Rebif Cost-effective and Can Reduce Brain Lesions in RRMS Patients, Data Show
Merck KGaA presented new evidence supporting the safety and clinical efficacy of Rebif (interferon beta-1a) for relapsing-remitting multiple sclerosis (RRMS) at the 5th Congress of the European Academy of Neurology (EAN), June 29–July 2 in Oslo, Norway.
The company, known as EMD Serono in the U.S. and Canada, presented 16 studies that included new clinical safety and efficacy data on Rebif, as well as Mavenclad (cladribine tablets), and the investigational therapy evobrutinib.
Rebif decreases the frequency of relapse and delays the onset of some of the physical incapacity associated with MS.
At EAN 2019, in a presentation titled, “Subcutaneous Interferon β-1a: 10 years of the UK Multiple Sclerosis Risk Sharing Scheme,” data from the U.K. MS Risk-sharing scheme, set up in 2002 by that nation’s department of health, was presented. Researchers used the data to assess the cost-effectiveness of various disease-modifying treatments for MS, including Rebif, over 10 years.
In all, 1,635 MS patients treated with Rebif were analyzed. Throughout the 10-year period, Rebif was considered to be cost-effective.
Disease progression was monitored every two years using the Expanded Disability Status Scale (EDSS), which ranges from zero to 10 — higher numbers represent a greater degree of disability. Results showed that treatment with Rebif decreased EDSS scores.
The data therefore represent ‘real-world’ evidence of the long-term benefits of Rebif.
In another presentation titled, “Rapid reduction of lesion accumulation in specific white matter tracts as assessed by lesion mapping in RRMS patients treated with IFN beta-1a,” researchers presented data from the randomized, multi-center Phase 3 IMPROVE study (NCT00441103) evaluating the effects of Rebif compared to placebo in patients with RRMS.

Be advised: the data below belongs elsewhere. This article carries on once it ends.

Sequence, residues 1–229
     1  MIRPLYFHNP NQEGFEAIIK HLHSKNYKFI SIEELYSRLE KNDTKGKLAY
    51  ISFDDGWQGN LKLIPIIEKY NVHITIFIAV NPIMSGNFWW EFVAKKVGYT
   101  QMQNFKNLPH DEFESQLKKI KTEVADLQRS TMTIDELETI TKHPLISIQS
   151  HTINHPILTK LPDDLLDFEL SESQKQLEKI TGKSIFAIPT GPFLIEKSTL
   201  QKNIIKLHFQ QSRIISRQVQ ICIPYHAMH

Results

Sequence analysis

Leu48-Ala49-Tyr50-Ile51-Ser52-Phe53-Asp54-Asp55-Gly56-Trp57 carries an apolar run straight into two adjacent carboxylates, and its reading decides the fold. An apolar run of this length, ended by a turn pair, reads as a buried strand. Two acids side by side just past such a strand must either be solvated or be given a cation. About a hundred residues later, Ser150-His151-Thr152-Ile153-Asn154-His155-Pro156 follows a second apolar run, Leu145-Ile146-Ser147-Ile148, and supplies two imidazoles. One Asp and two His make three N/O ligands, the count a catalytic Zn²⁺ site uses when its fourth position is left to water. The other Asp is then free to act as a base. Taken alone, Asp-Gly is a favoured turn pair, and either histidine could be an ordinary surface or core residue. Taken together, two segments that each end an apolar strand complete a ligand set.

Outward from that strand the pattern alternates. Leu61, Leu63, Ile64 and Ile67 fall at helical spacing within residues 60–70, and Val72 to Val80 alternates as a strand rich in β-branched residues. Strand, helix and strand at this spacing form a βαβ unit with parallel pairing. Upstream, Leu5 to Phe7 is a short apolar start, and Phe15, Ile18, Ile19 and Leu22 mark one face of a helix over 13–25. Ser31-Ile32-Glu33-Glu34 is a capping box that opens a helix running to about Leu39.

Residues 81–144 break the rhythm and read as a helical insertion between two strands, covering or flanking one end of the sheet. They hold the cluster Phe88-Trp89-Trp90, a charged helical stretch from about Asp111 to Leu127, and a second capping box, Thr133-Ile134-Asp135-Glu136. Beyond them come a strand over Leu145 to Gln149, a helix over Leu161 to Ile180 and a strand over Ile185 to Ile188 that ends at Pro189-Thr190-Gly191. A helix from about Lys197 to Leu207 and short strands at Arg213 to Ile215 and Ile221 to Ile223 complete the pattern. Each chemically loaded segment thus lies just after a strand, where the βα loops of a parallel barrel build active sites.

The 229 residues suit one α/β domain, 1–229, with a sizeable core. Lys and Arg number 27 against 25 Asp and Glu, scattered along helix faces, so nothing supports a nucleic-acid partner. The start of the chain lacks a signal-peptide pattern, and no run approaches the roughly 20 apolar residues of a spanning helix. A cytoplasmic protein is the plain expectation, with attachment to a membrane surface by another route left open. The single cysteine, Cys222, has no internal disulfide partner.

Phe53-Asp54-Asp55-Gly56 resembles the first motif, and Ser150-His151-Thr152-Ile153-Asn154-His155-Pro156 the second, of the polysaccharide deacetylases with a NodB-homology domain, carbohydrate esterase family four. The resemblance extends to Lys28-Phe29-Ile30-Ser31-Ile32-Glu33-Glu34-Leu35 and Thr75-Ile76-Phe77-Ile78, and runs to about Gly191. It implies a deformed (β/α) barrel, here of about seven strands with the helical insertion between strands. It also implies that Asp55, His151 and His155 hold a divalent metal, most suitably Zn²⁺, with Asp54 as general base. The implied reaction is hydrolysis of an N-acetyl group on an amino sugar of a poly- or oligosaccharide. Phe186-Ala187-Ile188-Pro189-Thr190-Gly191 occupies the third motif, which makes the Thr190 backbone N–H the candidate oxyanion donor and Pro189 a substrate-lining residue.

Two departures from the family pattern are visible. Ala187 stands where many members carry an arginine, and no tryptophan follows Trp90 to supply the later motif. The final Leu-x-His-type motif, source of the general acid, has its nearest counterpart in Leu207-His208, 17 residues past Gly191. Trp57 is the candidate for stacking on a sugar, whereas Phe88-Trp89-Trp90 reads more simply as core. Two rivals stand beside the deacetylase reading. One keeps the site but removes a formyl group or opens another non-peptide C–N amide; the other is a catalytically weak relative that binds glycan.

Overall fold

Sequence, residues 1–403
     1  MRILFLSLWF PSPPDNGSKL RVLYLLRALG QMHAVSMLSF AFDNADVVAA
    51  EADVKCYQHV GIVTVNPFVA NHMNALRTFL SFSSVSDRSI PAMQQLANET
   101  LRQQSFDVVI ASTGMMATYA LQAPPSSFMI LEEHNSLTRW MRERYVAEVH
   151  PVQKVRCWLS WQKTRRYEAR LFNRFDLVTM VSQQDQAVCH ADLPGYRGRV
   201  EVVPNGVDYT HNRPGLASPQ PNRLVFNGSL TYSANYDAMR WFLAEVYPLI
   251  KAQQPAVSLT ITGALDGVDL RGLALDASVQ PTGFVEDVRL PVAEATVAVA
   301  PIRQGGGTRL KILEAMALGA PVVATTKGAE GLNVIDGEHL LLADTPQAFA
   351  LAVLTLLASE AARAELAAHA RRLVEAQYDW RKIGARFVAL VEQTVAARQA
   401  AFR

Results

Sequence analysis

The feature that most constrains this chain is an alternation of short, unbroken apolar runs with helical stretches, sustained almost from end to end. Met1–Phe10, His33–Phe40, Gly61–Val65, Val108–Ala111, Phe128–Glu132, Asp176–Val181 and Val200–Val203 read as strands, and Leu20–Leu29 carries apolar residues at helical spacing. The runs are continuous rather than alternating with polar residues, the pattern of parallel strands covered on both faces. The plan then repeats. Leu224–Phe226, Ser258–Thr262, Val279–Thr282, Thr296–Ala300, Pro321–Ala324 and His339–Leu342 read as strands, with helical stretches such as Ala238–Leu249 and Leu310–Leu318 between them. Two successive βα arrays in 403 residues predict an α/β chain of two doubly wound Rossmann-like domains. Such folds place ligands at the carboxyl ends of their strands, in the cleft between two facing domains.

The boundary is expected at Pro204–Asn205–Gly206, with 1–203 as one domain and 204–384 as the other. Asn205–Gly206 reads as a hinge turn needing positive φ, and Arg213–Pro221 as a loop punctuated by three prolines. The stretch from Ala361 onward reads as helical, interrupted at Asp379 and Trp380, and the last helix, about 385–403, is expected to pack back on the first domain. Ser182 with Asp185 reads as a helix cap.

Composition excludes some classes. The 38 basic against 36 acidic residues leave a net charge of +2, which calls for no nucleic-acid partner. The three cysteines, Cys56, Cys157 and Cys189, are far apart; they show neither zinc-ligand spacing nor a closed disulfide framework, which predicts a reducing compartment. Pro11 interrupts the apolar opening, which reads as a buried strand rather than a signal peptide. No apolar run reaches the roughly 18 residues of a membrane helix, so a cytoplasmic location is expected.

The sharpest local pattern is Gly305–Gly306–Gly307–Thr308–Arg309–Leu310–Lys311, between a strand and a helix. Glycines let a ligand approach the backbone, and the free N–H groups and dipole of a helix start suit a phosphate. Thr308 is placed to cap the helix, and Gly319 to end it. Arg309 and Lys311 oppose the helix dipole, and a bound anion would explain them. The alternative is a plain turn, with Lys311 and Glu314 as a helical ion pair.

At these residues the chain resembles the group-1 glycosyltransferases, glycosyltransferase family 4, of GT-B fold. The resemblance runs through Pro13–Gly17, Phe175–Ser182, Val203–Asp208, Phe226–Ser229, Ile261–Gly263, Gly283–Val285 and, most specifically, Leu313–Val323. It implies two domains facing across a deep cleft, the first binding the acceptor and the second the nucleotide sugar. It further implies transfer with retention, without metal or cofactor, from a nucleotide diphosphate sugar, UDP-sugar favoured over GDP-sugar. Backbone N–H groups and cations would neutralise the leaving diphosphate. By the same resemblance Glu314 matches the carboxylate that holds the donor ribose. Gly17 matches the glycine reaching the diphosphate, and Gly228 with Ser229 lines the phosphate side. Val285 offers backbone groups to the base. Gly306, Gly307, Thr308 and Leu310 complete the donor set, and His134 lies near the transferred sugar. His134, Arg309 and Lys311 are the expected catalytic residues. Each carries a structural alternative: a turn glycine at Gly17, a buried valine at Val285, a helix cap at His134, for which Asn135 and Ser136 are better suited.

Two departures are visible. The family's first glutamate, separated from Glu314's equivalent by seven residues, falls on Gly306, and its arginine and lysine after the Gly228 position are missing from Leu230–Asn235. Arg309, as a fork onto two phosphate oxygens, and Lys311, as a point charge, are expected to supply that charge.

In the IMPROVE study, patients were given 44 micrograms of Rebif three times a week, and underwent magnetic resonance imaging (MRI) scans every four weeks.
Post-hoc analysis showed that the number of combined unique active lesions decreased by 50% in patients treated with Rebif compared to placebo. Mapping of lesions showed that Rebif reduced by 50% or more the lesions in specific brain regions associated with clinical manifestations of MS compared to placebo. The decrease in frequency of these lesions by Rebif started at week four of treatment.
In a third presentation about Rebif data, titled “Dynamics of pseudo-atrophy in RRMS patients treated with interferon beta-1a as assessed by monthly brain MRI,” researchers presented results from a post-hoc analysis of MRI data from the IMPROVE study. Changes in brain volume loss in two different types of tissue, known as grey and white matter, were analyzed.
Brain volume loss and brain lesion atrophy correlate with the physical disability associated with MS. Measuring changes in brain volume loss can then be used to assess the efficacy of treatments; however, this is tricky for anti-inflammatory therapies such as Rebif, in which accelerated brain volume loss is seen after initiating treatment — a phenomenon called pseudo-atrophy.
Results showed that in up to 16 weeks of treatment, the decrease in grey matter volume in RRMS patients was significantly greater with Rebif compared with the placebo (0.27% vs 0.14% per month, respectively). For white matter, treatment with placebo decreased the volume by 0.067% per month, compared to 0.116% for Rebif, although this difference was not significant.
“Monthly acquired MRI from IFN beta-1a-treated patients showed more pronounced pseudo-atrophy effect in grey than white matter, with maximum decrease up to week 20,” the researchers stated.
Analysis of the MRI data for longer periods of time (over 40 weeks) indicated that the decrease in both white and grey matter appeared to be maximum up to 20 weeks, after which it reached a plateau.
“The wealth of new data [presented] at EAN 2019, from both our approved medicines and our pipeline in MS, highlight our commitment to making further advances for people living with this chronic disease,” Luciano Rossetti, the head of global research & development for the biopharma business of Merck KGaA, said in a press release.